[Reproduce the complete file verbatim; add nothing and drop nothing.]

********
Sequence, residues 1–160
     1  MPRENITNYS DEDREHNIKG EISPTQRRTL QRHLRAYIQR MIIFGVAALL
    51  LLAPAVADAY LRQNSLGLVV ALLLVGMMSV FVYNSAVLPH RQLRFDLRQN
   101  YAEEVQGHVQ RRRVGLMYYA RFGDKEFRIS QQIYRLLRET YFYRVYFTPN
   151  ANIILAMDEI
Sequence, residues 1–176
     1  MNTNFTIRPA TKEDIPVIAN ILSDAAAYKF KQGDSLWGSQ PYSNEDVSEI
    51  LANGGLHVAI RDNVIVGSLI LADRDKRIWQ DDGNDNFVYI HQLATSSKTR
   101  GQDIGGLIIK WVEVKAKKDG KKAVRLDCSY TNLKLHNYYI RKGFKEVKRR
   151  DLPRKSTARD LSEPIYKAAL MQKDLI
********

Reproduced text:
Sequence, residues 1–160
     1  MPRENITNYS DEDREHNIKG EISPTQRRTL QRHLRAYIQR MIIFGVAALL
    51  LLAPAVADAY LRQNSLGLVV ALLLVGMMSV FVYNSAVLPH RQLRFDLRQN
   101  YAEEVQGHVQ RRRVGLMYYA RFGDKEFRIS QQIYRLLRET YFYRVYFTPN
   151  ANIILAMDEI
Sequence, residues 1–176
     1  MNTNFTIRPA TKEDIPVIAN ILSDAAAYKF KQGDSLWGSQ PYSNEDVSEI
    51  LANGGLHVAI RDNVIVGSLI LADRDKRIWQ DDGNDNFVYI HQLATSSKTR
   101  GQDIGGLIIK WVEVKAKKDG KKAVRLDCSY TNLKLHNYYI RKGFKEVKRR
   151  DLPRKSTARD LSEPIYKAAL MQKDLI